4. Transition from a consulting, accounting or investment banking role
Most employees at highly-rated private equity firms are hired after earning at least an MBA or master's degree in finance and then spending a few years working for a top organization as a consultant, accountant, investment banker or any other similar role. Major firms prefer to hire such individuals because working in private equity involves high degrees of responsibility and hiring people who have already spent a few years learning the basics elsewhere are less likely to commit costly errors.
The required skills for getting into private equity
The most important skills for someone looking for a job in the private equity business are:
Networking skills: Having good networking skills is crucial for finding and getting a job in the private equity industry, but also for excelling afterward. Knowing enough people in the field is likely to help you identify any open positions, and your networking skills can also be useful after getting the job, as the role implies constant communication with fellow private equity professionals and with clients.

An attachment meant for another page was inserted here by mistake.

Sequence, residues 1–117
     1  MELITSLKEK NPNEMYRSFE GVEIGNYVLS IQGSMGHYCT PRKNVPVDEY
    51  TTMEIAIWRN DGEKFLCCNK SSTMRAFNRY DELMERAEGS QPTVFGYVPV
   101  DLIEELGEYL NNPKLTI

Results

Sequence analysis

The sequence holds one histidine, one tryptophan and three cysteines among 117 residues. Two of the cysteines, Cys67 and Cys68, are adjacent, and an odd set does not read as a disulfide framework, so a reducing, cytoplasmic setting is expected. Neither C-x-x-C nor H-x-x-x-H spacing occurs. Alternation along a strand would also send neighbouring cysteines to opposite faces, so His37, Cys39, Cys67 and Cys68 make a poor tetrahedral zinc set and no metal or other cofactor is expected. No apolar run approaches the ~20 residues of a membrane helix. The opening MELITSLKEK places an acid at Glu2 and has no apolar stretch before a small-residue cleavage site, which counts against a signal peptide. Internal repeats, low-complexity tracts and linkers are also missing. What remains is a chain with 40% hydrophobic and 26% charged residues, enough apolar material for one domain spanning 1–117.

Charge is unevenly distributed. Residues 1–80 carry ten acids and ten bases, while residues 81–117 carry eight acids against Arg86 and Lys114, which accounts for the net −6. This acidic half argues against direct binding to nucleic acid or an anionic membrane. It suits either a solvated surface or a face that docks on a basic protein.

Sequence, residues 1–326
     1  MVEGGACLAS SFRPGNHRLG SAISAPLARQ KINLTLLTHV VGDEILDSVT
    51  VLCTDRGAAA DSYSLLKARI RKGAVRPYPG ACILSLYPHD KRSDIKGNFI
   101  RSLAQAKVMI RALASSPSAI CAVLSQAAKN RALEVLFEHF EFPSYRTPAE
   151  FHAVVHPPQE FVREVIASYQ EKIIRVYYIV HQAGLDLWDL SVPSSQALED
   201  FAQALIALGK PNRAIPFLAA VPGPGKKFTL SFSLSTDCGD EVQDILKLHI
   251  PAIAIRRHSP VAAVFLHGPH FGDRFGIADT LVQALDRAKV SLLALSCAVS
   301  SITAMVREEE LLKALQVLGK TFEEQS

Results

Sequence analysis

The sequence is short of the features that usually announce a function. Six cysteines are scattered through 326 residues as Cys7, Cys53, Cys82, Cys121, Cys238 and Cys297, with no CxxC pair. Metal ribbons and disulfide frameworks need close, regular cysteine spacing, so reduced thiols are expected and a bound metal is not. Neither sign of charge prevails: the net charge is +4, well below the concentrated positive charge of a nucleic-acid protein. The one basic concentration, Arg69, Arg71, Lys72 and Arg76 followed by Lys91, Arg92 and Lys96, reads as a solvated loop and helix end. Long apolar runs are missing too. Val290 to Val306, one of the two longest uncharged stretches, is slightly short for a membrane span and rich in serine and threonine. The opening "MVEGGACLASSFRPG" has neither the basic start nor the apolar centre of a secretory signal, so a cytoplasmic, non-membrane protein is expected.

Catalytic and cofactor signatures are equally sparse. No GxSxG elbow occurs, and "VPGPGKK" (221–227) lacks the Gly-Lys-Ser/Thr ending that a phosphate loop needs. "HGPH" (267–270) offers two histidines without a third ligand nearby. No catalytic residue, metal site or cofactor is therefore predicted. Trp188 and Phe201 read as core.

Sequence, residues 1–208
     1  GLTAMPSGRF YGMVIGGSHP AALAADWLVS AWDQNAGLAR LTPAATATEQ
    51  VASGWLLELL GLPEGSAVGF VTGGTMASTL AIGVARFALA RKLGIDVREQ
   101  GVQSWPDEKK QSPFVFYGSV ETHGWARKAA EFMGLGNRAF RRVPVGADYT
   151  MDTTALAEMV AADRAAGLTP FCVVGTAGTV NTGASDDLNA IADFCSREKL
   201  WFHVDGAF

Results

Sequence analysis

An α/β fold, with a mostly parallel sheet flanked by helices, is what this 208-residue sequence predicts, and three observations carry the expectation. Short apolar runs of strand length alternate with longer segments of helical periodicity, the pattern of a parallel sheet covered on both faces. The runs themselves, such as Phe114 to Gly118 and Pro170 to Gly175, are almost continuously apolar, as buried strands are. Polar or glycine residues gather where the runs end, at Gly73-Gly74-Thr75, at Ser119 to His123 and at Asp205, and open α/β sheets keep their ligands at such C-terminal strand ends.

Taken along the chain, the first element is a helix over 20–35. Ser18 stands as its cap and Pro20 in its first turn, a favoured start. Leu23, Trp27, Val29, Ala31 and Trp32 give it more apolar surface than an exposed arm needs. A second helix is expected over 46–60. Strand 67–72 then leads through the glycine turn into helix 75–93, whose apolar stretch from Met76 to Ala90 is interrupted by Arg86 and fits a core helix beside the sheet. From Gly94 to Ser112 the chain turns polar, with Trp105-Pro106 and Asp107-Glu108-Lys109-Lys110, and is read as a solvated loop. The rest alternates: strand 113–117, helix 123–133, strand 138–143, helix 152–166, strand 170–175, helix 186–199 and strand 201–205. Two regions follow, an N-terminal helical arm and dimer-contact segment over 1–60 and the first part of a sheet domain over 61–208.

Cold calling skills: Being able to constantly make a large number of phone calls in a short period of time without losing concentration or enthusiasm is arguably the most important quality for those looking for private equity jobs. The reason is that the chances of you contacting a major private equity firm and getting a response from a senior employee is usually very low, so you need to be persistent and keep calling companies until you eventually hear back.
Technical skills: Knowing enough people in the field and staying focused while making large numbers of phone calls are crucial if you want to get noticed, but once you do you need to prove that you have the technical skills required to succeed in the industry. This usually implies having extensive knowledge on topics such as financial modeling, valuations, financial analysis, deal structuring, LBO modeling and other similar concepts.